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Honduras launches CBDC consultation for financial inclusion

honduras cbdc currency digital

The Central Bank of Honduras has launched a two month consultation on the potential of a retail central bank digital currency (CBDC). Financial inclusion would be a key objective closely followed by cross border payments, in particular remittances.

With help from the International Monetary Fund (IMF), the central bank which is still at the CBDC research stage, published a paper on the future of money and payments.

As context, Honduras is a relatively low income country with around 60% of its almost ten million population living in poverty. In terms of financial inclusion, in 2021 just 37.85% of citizens over the age of 15 had bank accounts according to the World Bank. A significant proportion of GDP (25.9%) comes from family remittances. Hence the potential CBDC objectives of inclusion and remittances seem logical.

That’s especially the case given 81% of the population has a mobile phone and 72% have mobile internet with 52% having broadband access.

One of the goals of a potential CBDC might be to create a central bank retail payment system that operates 24/7 with instant settlement. A faster payment system already exists in Honduras, ACH PRONTO. It is privately owned by banks with almost immediate settlement and operates every day between 5am and 10pm with shorter hours on some days. The key challenge is PRONTO currently only includes banks, although a reform to expand participants has been approved by the central bank.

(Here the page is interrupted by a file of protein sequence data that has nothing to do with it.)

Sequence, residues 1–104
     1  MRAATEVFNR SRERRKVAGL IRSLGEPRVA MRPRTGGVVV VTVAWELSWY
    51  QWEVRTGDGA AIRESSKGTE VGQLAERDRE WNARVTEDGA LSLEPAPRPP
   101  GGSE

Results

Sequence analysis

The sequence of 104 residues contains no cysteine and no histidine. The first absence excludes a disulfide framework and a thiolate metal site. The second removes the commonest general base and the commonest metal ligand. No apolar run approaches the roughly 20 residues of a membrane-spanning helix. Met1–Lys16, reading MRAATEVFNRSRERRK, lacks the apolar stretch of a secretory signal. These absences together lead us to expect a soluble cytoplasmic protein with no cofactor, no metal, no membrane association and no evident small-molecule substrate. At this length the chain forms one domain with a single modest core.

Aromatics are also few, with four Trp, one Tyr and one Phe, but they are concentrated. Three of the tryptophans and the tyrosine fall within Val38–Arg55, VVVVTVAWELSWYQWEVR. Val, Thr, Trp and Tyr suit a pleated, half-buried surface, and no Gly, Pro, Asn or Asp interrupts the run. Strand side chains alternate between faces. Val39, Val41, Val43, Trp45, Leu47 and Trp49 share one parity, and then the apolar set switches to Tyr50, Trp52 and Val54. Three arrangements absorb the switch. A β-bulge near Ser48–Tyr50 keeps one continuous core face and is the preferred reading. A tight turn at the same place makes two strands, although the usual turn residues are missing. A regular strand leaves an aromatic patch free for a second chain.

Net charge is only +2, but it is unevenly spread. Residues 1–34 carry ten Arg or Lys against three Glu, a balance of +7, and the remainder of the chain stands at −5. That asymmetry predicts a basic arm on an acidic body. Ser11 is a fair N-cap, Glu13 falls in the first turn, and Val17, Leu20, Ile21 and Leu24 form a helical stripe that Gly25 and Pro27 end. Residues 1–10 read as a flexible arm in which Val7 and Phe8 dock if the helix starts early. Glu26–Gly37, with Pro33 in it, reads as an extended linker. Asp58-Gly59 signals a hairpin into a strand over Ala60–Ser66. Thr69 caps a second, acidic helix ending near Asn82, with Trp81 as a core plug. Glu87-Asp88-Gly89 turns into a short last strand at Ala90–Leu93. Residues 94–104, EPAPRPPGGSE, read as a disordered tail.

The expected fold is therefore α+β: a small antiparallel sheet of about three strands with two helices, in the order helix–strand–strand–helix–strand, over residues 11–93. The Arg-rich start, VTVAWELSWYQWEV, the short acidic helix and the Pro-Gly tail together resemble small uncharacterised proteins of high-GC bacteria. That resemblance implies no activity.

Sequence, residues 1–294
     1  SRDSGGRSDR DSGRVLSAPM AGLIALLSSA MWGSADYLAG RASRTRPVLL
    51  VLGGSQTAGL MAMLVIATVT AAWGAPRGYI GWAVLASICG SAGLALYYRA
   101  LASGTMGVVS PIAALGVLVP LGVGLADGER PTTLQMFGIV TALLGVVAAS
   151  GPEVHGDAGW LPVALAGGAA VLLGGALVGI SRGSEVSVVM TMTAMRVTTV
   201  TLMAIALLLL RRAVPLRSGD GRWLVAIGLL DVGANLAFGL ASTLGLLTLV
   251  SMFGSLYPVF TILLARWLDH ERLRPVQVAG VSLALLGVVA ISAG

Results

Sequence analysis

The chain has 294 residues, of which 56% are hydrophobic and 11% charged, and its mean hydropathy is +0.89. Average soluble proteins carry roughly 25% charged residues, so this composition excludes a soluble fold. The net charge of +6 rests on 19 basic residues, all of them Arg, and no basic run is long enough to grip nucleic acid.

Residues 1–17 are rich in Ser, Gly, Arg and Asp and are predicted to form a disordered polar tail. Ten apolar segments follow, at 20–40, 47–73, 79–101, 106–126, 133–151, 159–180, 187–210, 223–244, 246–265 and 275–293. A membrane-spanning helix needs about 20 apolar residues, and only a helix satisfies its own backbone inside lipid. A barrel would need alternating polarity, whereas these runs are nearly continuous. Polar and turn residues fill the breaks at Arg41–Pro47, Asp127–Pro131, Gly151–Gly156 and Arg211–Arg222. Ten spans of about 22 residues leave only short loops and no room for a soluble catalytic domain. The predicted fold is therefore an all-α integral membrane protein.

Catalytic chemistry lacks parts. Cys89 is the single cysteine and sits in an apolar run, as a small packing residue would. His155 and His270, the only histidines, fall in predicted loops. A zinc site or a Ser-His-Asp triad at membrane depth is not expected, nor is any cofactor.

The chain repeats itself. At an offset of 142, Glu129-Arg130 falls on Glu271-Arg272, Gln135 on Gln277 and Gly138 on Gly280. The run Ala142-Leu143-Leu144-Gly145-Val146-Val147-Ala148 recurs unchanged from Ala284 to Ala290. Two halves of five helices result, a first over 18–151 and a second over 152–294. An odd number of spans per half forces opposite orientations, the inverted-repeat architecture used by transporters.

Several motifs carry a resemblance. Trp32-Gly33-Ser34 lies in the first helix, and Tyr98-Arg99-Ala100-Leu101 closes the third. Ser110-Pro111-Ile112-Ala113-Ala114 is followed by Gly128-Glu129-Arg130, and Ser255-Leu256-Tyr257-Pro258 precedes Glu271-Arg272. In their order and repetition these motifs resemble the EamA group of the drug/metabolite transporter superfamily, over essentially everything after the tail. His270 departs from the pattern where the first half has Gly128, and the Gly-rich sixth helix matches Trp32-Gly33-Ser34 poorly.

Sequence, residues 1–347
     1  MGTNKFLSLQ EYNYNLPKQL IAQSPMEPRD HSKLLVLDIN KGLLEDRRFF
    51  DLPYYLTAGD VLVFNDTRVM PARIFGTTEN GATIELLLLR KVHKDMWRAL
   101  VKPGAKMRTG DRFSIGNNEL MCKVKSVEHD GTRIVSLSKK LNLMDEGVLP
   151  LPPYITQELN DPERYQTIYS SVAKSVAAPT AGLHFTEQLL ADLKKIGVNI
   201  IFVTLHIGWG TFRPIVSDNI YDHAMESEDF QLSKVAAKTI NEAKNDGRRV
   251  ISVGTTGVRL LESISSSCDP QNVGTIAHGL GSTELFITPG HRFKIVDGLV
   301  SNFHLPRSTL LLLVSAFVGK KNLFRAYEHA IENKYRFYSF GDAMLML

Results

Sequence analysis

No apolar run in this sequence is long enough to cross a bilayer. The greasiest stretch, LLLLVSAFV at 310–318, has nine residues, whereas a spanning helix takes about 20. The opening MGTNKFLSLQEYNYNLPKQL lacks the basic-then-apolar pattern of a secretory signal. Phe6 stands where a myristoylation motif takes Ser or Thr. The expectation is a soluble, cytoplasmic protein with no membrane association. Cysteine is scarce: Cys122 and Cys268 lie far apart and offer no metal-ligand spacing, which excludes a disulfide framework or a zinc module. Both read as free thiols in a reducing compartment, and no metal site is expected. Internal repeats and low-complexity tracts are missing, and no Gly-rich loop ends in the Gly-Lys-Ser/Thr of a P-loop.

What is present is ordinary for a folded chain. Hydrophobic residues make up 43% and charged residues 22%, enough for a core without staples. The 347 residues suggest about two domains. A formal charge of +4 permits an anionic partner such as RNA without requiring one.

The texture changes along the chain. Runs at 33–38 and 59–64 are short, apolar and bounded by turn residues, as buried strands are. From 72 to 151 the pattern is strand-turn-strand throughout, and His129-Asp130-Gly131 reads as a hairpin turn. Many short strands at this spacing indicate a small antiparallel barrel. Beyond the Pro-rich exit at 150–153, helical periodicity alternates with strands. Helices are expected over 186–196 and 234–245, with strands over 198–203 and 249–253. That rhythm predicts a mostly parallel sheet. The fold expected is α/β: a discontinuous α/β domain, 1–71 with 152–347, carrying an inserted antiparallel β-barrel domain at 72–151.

Apart from banks, savings and credit cooperatives also play a significant role in Honduras. And another potential goal is for a CBDC to enable greater interoperability between the various payment systems that currently exist. 

One point of note is that electronic money has not yet developed significantly in Honduras. On the one hand that represents an opportunity with CBDC for the central bank. On the other hand, why has it not developed further?

The IMF suggested that Honduras look to CBDC and retail payment developments in Brazil and India. These countries have very different approaches to CBDC. Given the success of Brazil’s PIX retail payment system, it’s sidestepping a retail CBDC and piloting a wholesale CBDC that underpins bank deposit tokens mainly for securities and DLT settlements. In contrast, despite the success of India’s UPI retail payment system, it is embracing both retail and wholesale CBDC.

Meanwhile, three of the four currently live retail CBDCs are from countries that are Caribbean neighbors of Honduras. They include Jamaica’s JAM-DEX, the Bahamian Sand Dollar and DCash in the Eastern Caribbean.

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